It’s possible to look at the intra-party challenges as a sign of division, especially with incumbents fighting for their jobs, but Fulton County Republican Chairwoman Susan McNeil argued the large number of primaries are born out of an increased level of interest people have in becoming public servants.
“I think more people are getting involved,” she said.
In races where this is a primary, the local party is expected to rally around the candidate who emerges victorious, even if another candidate was endorsed.
That’s likely the case in the city of Albany, where city Treasurer Kathy Sheehan or former Albany Common Council member Corey Ellis will likely cruise to a mayoral victory in November if they win the Democratic primary.
One race where wounds might not heal so easily is in Montgomery County, where Republican Thomas Quackenbush, Minden town supervisor, and Republican Brian Sweet, Palatine town supervisor, are both vying to represent their party and the Conservative Party in the second district of the reconstituted county Legislature.
There is also the potential for multiple contests between Jill Polk, a senior attorney for the state Commission on Judicial Conduct, and Kevin Burke, the chief prosecutor of abuse and neglect cases for the county’s Department of Social Services, who will square off in the Democratic and Working Families primaries to become Schenectady County Family Court’s next judge. There are no Republican challengers, but Polk could win both primaries Tuesday and still have to face Burke in November, as he has the Conservative and Independence lines.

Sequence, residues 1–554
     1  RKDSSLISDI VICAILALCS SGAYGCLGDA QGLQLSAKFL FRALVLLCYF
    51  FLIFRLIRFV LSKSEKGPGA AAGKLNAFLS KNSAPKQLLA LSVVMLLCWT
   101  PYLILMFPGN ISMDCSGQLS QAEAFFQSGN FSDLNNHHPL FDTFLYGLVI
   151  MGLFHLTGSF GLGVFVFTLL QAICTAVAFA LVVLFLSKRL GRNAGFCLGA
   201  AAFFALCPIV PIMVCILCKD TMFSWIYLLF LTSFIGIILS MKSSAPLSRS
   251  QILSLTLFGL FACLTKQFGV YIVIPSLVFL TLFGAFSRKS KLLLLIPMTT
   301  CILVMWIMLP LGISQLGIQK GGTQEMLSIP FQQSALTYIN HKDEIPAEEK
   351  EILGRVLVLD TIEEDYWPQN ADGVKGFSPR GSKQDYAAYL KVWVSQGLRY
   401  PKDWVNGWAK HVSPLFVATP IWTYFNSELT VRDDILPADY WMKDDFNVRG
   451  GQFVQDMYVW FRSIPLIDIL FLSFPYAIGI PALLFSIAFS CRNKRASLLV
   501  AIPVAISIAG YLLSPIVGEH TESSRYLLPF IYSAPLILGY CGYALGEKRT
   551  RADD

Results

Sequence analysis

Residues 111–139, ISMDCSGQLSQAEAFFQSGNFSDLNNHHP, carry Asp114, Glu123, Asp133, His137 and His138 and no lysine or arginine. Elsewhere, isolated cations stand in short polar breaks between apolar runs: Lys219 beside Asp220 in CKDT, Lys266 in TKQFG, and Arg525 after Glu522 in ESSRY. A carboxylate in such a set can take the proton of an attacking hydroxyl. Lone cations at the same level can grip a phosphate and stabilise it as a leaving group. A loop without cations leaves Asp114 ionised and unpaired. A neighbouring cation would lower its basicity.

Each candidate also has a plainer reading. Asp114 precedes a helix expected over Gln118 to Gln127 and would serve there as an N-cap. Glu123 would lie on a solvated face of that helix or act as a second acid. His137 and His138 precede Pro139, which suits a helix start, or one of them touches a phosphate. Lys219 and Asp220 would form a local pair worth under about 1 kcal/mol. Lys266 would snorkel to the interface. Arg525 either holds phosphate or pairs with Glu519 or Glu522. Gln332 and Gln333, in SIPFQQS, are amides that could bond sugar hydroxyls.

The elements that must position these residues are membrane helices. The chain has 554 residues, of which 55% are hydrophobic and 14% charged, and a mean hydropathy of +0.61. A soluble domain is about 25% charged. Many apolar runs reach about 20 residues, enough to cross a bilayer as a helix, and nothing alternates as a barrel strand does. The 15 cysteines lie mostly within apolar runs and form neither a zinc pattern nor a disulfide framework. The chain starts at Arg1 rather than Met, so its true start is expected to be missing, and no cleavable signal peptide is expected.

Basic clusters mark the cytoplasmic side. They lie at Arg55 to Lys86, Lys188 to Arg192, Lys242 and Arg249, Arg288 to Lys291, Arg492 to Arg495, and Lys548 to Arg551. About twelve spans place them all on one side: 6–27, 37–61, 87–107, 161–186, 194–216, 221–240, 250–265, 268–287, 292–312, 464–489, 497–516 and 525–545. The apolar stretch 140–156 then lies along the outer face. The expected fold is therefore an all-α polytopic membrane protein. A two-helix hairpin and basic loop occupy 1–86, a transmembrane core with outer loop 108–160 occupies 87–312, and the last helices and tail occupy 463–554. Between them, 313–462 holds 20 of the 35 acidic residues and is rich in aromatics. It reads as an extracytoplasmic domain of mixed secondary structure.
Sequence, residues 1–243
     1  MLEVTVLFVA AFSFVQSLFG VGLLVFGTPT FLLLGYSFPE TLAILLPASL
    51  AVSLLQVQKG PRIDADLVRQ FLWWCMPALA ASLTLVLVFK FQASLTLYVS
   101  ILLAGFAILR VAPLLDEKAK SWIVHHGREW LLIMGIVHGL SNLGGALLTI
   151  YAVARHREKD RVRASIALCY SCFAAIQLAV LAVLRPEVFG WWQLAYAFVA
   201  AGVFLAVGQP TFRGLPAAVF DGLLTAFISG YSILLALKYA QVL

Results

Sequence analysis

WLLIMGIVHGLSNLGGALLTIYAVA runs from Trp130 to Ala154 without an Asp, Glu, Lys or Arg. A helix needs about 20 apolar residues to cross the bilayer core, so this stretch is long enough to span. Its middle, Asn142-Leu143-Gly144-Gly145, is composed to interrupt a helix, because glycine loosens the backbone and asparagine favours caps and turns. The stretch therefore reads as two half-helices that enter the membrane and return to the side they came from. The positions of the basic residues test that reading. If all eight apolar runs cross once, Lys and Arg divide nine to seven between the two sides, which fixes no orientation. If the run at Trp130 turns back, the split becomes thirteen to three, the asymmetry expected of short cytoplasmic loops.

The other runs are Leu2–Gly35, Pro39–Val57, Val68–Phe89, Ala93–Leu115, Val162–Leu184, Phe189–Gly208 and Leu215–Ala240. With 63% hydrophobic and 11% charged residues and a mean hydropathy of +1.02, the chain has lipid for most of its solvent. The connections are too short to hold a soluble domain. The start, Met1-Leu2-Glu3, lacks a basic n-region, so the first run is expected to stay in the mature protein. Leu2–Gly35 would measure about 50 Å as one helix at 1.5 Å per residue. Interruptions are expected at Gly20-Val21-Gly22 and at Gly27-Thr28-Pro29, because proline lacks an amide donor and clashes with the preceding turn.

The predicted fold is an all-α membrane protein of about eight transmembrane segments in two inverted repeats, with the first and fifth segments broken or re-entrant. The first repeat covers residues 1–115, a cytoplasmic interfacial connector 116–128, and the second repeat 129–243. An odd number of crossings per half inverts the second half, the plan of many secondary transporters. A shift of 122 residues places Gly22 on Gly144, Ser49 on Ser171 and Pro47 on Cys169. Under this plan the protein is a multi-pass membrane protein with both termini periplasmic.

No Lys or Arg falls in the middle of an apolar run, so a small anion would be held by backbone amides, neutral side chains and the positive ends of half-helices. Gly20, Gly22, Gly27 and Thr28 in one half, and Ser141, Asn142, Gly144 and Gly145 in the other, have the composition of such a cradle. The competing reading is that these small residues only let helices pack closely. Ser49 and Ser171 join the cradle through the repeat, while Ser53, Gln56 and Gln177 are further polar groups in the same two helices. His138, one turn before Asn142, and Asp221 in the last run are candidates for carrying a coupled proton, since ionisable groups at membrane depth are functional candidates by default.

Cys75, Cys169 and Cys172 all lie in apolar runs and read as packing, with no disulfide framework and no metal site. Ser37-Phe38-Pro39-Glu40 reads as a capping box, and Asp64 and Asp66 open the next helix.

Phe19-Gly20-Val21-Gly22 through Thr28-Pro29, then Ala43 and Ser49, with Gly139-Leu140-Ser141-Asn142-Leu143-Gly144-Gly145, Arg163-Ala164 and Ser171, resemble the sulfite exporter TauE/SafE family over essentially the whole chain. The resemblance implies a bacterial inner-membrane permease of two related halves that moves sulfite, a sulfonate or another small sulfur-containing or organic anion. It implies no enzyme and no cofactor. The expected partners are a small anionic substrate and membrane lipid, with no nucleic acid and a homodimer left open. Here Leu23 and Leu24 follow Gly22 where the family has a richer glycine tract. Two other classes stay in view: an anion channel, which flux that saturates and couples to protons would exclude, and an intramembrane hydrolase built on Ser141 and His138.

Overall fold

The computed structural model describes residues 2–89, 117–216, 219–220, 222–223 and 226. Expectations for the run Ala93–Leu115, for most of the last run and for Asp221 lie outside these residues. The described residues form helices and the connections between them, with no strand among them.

On the other side of the political aisle are challenges in Duanesburg, where the town Republican Party’s endorsed candidates, Roger Tidball for town supervisor and Charles Leoni and Randy Passonno for two Town Board spots, are facing off against William Park for supervisor and Daniel Houlihan and Laurie Meyer for Town Board. They are also all competing for the Conservative Party line.
Other notable races include:
• Malta supervisor: Peter Klotz will challenge incumbent Paul Sausville for the Republican line. Klotz is also vying for the Conservative line, although voters can write in another candidate.
• Mohawk town supervisor: Edward Bishop and James Hoffman are vying for Republican line.
• Schenectady County Legislature, District 3 (Glenville and Niskayuna): Rory L. Fluman, Martin S. Finn, Cathy A. Gatta and Nicholas J. Gerace are competing for three spots on the Independence line.
• Wilton Town Board: Republicans John McEachron, Robert Rice and Scott Kingsley are competing for two Republican spots in November.
• Saratoga Springs mayor: Republican Shauna Sutton has mounted a write-in bid against the endorsed Democrat, Joanne Yepsen, for the Independence line.
• Saratoga Springs accounts commissioner: Republican John Arpei has mounted a write-in bid against the endorsed Democrat, John Franck, for the Independence line.
• Republican State Committee 113th Assembly District: Voters will choose between Robert Arrigo and Theodore Kusnierz or Shirley Needham and Elaine Gerber.
Because of New York’s elections laws, voters can only participate in a primary for a party they’re registered with. Voters who aren’t affiliated with any party can’t vote at all on primary day.